When patients attempt suicide but fail, psychiatrists should assess whether they themselves have failed, i.e., that their skill may be insufficient to give the patient what he or she needs. Whereas most psychiatrists with basic skills in treating patients with BPD may treat most of them successfully, sometimes this clearly is not the case. Psychiatrists may consider discussing with the patient in advance the possibility, in the event of a suicide attempt, of transferring the patient to another physician. This discussion may “normalize” for the patient that this transfer may occur, if indeed this need comes about. The patient then will have time to process and accept this alternative possibility of being transferred to another physician and hopefully will be less likely to see this as an outright rejection.
Psychiatrists should be aware that they might wrongly or prematurely conclude that they lack sufficient skills to treat a patient who has attempted suicide, and thus refer a patient to someone else because it will be best, emotionally, for the psychiatrist. They may also wrongly transfer a patient in response to guilt. Again, in this situation, psychiatrists should seek out assistance from trusted colleagues to help sort out these feelings and questions.
Ultimately, psychiatrists should attempt to convert a suicide attempt by a patient with BPD to the patient’s benefit. They may explore with the patient, for example, the interpersonal responses that may have triggered the attempt. The psychiatrist should bear in mind that these responses may include things the psychiatrist did or said.
To reiterate, psychiatrists should consider discussing with their patients beforehand what they would do in the event of a suicide attempt. Having this discussion at the beginning of treatment may help patients become hopeful early on in treatment. Psychiatrists indicating that they would be willing to continue to see patients even after they attempt suicide and that they would use it as a rare opportunity to learn about what had occurred so that it would be less likely to happen again connote strongly the therapist’s expectation that the patient will do better.
Psychiatrists have often felt reluctant to treat patients with BPD. This has been due in large part to beliefs that have now changed. We know now, for example, that patients with BPD, especially with treatment, can get better, and that most psychiatrists have the skills that can help most patients with BPD.9,17,18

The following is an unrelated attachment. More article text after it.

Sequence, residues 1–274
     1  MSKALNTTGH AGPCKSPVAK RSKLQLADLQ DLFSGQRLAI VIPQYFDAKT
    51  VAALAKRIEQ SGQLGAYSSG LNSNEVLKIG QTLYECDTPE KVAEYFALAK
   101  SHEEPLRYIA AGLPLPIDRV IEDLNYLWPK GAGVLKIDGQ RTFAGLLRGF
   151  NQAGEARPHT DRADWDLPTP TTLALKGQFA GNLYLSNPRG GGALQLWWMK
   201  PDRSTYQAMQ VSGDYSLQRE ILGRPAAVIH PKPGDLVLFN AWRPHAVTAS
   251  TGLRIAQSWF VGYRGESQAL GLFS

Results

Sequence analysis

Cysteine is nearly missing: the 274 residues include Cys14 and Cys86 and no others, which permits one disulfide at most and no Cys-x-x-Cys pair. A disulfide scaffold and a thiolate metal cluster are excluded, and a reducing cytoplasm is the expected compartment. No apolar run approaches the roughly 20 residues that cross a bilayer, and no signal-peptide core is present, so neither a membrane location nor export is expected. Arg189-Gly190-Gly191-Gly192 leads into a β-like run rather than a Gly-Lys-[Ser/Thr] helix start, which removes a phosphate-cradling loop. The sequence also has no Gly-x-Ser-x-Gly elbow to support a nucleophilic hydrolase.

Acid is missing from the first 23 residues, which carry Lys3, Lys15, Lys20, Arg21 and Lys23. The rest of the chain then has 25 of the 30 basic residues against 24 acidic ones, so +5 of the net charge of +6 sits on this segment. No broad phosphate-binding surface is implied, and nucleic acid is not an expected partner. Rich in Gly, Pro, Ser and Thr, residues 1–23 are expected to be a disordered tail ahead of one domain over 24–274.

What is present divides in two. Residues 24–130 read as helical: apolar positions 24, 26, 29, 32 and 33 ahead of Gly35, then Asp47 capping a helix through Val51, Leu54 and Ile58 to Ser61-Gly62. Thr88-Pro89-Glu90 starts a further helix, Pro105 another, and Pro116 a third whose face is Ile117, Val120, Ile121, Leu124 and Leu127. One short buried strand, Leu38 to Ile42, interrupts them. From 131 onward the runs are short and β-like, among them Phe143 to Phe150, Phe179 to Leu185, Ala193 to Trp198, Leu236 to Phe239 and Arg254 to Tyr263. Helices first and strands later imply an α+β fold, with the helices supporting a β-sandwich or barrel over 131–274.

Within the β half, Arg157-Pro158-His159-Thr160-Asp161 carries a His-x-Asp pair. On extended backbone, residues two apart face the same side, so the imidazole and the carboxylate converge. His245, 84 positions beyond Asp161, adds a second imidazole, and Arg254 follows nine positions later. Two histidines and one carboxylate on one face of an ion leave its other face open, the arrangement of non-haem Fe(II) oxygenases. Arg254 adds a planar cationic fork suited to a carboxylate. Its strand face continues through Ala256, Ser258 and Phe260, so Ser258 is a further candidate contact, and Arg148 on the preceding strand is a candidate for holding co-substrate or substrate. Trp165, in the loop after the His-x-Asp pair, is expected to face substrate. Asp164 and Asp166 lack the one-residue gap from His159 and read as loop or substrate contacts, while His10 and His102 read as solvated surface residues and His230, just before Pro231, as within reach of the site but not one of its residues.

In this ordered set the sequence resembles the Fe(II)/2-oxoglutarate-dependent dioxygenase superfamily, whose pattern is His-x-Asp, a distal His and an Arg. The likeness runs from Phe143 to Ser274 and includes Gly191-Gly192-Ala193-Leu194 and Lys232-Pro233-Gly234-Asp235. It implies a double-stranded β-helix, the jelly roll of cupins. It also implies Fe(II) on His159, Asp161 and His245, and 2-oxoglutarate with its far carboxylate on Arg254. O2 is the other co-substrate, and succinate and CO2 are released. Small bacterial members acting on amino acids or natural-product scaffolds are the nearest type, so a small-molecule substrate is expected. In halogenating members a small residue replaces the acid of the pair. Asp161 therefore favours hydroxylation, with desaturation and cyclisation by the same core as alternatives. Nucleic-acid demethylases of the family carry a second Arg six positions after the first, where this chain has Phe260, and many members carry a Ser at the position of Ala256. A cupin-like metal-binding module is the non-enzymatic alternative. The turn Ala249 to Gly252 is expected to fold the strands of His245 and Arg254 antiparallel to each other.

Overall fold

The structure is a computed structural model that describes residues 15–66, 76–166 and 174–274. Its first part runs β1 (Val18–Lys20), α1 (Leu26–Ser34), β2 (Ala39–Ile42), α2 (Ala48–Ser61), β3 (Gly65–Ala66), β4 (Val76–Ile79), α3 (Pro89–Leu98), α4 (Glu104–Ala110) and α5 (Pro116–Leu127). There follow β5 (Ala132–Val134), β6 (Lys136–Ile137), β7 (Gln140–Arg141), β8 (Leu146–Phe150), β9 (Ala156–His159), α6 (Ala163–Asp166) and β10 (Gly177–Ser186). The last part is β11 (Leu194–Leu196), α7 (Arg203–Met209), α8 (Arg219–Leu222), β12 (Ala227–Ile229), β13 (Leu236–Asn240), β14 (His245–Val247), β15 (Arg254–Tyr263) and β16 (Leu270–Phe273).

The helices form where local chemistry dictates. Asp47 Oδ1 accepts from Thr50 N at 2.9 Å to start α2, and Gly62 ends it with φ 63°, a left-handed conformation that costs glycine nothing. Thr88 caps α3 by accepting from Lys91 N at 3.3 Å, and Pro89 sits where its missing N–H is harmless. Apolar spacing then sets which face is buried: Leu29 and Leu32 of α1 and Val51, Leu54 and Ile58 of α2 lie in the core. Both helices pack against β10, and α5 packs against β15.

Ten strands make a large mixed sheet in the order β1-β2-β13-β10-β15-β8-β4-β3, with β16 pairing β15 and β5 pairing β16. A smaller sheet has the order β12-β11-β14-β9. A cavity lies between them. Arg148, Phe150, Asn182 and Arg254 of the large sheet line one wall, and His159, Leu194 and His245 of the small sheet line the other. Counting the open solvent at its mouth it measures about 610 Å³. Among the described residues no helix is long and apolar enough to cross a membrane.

We know that the problems of patients with BPD often result from interpersonal “oversensitivity” resulting, at least partially, from structural and/or genetically caused factors. By sharing this knowledge, psychiatrists may help may patients with BPD and their families have greater understanding about why they experience the difficulties they experience.
The knowlege of psychiatrists of how they may help may also give warranted new hope to their patients with BPD. A psychiatrist’s greatest source of reluctance to treat patients with BPD in the past may have reflected fear that the patient would attempt suicide. As a group, patients with BPD are more likely to attempt suicide than many groups of patients with other psychiatric illnesses, but with optimal basic knowledge and appropriate responses by the psychiatrist, this suicide risk may be successfully managed, if not reduced.
This article reviews five difficult questions psychiatrists may confront when they treat patients with BPD who are or may become suicidal. These questions range from those at the beginning of treatment to some that arise after patients with BPD have tried unsuccessfully to commit suicide. The discussion emphasizes both the gains for a psychiatrist treating patients with BPD and the possible gains for a psychiatrist discussing with patients some of these questions. It proposes that the latter discussion, ethically, may respect patients with BPD more by informing them, especially about the uncertainties underlying their treatment. These discussions also may benefit patients directly by involving them more in their own care.
FUNDING: There was no funding for the development and writing of this article.
FINANCIAL DISCLOSURES: The author has no conflicts of interest relevant to the content of this article.